Monday, November 13, 2006

The Natural Monopolies and Externalities in Telecommunications

The economic literature provides two main reasons for regulating telecommunication services (Davis, 1994). First, there are economies of scale and scope in the production of those services to make telecommunications markets natural monopolies. Secondly, use of and subscription to telecommunication services are claimed to yield two types of positive consumption externalities. The first is known as the call externality: a caller provides benefits to called party, who does not pay for those benefits. The second is called the network externality, when new subscribers join the network, existing subscribers receive benefits, without paying an additional charge, from calls by the new subscribers and being able to call them. Both the natural monopoly property and the network externality can lead to market power for an incumbent telecommunications services provider. Incumbent benefits from monopoly granted by government, and on the other hand, new entrants have to deal with high entry barriers.
A monopoly by definition is a market that has only one seller, but many buyers. Because a monopolist is the sole producer of a product, the market demand curve relates the price that the monopolist receives to the quantity it offers for sale. In general, the monopolist's quantity will be lower and its price higher than the competitive quantity and price. This imposes a cost on society because fewer consumers buy the product, and those who do not pay more for it. According to Pindyck and Rubinfeld, monopoly is a form of market power, the ability to affect the price of a good. As the sole producer of a product,

a monopolist is in a unique position. If the monopolist decides to raise the price of the product, it need not worry about competitors who, by charging a lower price, would capture a larger share of the market at the monopolist's expense. The monopolist is the market and has complete control over the amount of output offered for sale. But this does not mean that the monopolist can charge as high a price as it wants - at least not if its objective is to maximize profit. To maximize profit, the monopolist must first determine the characteristics of market demand, as well as its costs. Knowledge of demand and cost is crucial for a firm's economic decision making.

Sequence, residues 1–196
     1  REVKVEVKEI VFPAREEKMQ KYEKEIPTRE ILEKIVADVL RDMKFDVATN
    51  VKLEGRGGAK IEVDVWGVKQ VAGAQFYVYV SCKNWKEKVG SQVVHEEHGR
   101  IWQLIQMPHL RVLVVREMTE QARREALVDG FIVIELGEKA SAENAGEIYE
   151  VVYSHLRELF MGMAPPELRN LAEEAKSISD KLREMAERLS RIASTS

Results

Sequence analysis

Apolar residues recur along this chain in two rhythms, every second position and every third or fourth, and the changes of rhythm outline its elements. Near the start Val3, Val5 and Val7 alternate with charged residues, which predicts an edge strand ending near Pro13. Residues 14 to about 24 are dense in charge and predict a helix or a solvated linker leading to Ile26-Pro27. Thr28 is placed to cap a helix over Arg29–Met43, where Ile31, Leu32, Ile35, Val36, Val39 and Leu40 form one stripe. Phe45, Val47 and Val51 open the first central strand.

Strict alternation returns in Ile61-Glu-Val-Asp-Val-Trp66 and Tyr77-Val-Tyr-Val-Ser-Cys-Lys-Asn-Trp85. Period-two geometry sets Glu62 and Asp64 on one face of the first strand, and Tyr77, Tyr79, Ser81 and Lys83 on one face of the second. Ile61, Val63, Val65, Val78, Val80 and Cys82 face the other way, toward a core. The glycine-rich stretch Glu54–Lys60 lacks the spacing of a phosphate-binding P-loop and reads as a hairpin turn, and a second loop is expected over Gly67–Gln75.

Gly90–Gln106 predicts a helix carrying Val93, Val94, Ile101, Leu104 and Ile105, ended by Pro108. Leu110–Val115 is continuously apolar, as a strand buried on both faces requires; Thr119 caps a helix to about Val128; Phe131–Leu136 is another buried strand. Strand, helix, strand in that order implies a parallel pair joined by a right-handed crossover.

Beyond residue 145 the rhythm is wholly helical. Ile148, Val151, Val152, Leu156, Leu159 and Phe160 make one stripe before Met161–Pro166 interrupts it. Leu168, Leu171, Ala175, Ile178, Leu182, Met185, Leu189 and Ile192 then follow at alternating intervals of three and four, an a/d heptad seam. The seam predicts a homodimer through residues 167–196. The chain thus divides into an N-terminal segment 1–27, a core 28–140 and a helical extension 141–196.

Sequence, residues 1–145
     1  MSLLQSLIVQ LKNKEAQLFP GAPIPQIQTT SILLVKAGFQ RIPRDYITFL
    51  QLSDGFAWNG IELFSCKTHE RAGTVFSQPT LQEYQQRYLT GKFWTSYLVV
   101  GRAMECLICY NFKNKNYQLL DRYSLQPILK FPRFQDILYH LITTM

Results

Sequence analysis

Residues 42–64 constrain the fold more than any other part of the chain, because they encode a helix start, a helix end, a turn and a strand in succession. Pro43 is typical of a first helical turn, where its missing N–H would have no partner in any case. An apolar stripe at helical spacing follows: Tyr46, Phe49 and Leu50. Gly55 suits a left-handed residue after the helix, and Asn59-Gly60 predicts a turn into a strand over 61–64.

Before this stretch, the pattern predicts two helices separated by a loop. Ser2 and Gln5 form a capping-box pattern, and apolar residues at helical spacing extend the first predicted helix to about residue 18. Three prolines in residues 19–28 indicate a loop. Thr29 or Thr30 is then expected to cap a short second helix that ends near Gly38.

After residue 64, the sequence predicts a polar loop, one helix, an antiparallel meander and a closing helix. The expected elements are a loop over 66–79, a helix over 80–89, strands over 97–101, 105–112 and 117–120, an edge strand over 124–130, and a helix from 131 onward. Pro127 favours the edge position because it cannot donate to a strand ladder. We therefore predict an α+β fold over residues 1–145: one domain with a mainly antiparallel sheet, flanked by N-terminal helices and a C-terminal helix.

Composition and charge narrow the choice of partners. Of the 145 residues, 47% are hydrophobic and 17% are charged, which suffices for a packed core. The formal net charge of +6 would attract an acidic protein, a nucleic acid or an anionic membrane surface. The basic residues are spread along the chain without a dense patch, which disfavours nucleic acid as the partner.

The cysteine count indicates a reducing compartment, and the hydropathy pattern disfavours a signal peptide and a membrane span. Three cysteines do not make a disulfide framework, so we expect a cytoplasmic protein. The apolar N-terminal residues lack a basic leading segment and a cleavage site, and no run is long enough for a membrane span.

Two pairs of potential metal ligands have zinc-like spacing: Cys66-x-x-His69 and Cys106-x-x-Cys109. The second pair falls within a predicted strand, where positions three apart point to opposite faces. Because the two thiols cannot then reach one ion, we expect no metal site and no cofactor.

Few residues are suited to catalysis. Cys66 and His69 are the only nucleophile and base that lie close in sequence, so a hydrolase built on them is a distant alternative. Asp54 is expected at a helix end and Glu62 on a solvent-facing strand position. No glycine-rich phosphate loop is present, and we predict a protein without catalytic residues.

The existence of a positive natural monopoly does not imply that the market possesses the property of a normative natural monopoly (Low, 2000). There are two reasons for this: First, a monopoly may be unsustainable; that is, the incumbent monopolist may be unable to keep out equally efficient entrants while at least breaking even. Secondly, the incumbent and entrant(s) may prefer to coexist under less fierce competition, with possibly all firm is making profits. High sunk cost and other entry barriers that make entry unlikely however, usually accompany natural monopolies. The network externality makes a fully interconnected network the most efficient supply structure. Thus, according to arguments based on natural monopoly and externality, the tasks of telecommunication regulation should be to eliminate market power and mimic the outcome of competitive markets (Duesterberg, 1997). In addition, regulation should ensure the realization of the efficient market structure and help optimize the competition with respect to the consumption externalities.
The best way to test for the natural monopoly property is probably to let the
market discover the best outcome. If, despite restrictions, the market is a normative

natural monopoly, some inefficiency will emerge. But that potential inefficiency has to be compared with the certain inefficiency created by regulation of entry. Most likely, entry will occur only if the natural monopoly properties no longer hold (Vogelsang, Mitchel, 1997)7. In using frequency bands for radio services, Government as regulator must bear in mind that radio frequencies are limited natural resources and that they must be used rationally, efficiently and economically

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